By Instructional Designer and Facilitator, Melissa Landis
Vulnerability – Not So Socially Acceptable
Having worked in an addiction center for two years and being an introvert, I have grown accustomed to and comfortable with deeper level conversation. I find myself not only curious but asking questions that many consider as more personal than they usually like to divulge when first meeting a stranger.
And I suppose since is the case, I often meet people who very suddenly divulge very personal information without much prompt. I am simultaneously shocked and awed by their level of vulnerability.
Since leaving the treatment world I have had to remind myself that asking these types of personal questions is not always appropriate and not everyone appreciates that level of vulnerability. They do not know me, or I them and in some cases they just like being an extremely private person. Trust needs to be first built and sustained before these people consider divulging such information.
How Much Vulnerability Is Too Much?
I think we, in the holistic health world, forget this when constantly surrounding ourselves with those that are so free with themselves and being vulnerable. It’s probably why we surround ourselves with those people in the first place, but does this approach always work when working with new clients? How open are they?
My mother-in-law, now my ex-mother-in-law (a wonderful woman still), is very passionate about religion and her faith. She very much wanted to share it with me, and I often found myself quite overwhelmed by her love and energy to a point where on numerous occasions I broke down crying because that was the only response I had at the time.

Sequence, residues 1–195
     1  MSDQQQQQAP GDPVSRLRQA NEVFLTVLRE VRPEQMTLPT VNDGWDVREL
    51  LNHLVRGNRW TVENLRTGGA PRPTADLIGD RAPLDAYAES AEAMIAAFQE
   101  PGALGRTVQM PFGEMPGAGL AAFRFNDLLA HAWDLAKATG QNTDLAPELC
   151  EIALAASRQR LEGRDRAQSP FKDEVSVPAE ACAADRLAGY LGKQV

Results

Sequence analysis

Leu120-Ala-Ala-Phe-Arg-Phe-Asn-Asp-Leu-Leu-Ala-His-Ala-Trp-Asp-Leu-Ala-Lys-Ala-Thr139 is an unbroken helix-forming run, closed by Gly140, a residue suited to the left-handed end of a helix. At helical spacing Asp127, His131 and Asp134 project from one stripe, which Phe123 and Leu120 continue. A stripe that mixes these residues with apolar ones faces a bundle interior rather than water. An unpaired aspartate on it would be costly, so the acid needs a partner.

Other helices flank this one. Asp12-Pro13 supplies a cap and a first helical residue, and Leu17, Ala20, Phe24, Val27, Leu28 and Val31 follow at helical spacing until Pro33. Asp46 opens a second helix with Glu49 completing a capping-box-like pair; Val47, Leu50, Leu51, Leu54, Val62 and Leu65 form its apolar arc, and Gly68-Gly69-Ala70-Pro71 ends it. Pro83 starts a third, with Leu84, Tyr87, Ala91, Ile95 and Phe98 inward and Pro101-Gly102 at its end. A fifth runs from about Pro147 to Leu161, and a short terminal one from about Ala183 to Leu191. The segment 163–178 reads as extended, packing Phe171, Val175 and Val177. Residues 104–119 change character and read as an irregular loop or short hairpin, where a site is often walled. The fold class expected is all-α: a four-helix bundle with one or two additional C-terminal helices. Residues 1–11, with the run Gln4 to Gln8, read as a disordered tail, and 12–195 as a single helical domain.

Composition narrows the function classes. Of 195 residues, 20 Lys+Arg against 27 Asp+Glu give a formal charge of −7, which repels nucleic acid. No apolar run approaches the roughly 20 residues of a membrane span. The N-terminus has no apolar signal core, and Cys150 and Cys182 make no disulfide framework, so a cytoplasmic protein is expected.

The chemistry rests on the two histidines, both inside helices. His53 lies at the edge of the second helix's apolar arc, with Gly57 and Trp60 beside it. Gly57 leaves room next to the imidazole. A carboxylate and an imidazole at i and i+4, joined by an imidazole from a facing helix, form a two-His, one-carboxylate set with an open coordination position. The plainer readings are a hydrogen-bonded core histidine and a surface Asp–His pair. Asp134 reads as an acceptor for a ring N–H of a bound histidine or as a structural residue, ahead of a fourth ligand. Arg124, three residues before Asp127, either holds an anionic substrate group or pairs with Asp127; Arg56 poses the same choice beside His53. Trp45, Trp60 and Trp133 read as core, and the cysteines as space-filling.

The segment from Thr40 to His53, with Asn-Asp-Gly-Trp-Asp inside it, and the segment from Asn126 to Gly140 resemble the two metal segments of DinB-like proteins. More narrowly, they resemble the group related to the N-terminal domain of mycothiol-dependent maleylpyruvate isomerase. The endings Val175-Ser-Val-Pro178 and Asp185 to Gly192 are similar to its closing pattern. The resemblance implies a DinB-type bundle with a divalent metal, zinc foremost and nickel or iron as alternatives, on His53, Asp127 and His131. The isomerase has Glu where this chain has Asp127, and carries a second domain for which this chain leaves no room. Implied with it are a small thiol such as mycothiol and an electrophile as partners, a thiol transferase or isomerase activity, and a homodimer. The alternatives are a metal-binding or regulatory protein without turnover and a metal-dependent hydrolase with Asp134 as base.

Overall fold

It was too much, too soon, and all at once.
New clients may be curious, but not necessarily ready to dive in deep. How vulnerable does one have to be to fully experience your product or service?
Cue the Meet Cute
This is where trust and emotional intelligence (EQ) intersects. Believe you me, I know how exciting it is to share gifts and passions, but I have also become increasingly aware that not everyone agrees or operates on that same level. The solution to this would be to meet them where they are.
EQ allows us to not only acknowledge where we begin and end, but also how we are affecting those around us. It allows us to be aware of the reactions of others and adjust accordingly.
Do I push on or pull back a little bit? Do they seem skeptical? What question can I ask them that will bring them into a more natural conversation?
Successfully doing so will allows us to appeal to a new clientele. It will allow us to start to ask questions about them and see what their needs may be. It allows us to show them that we care and begin the process of building trust because at the end of the day the client is overall buying into you more so than your service or product.
Join Instructional Designer and Facilitator, Melissa Landis, as she teaches entrepreneurs, businesspeople, parents, students, teachers, and administrators how to apply Emotional Intelligence (EQ) skills more purposely every day in four core areas. Space is limited to 25 people. Learn more here: https://www.holistichealthconnections.net/elevate-eq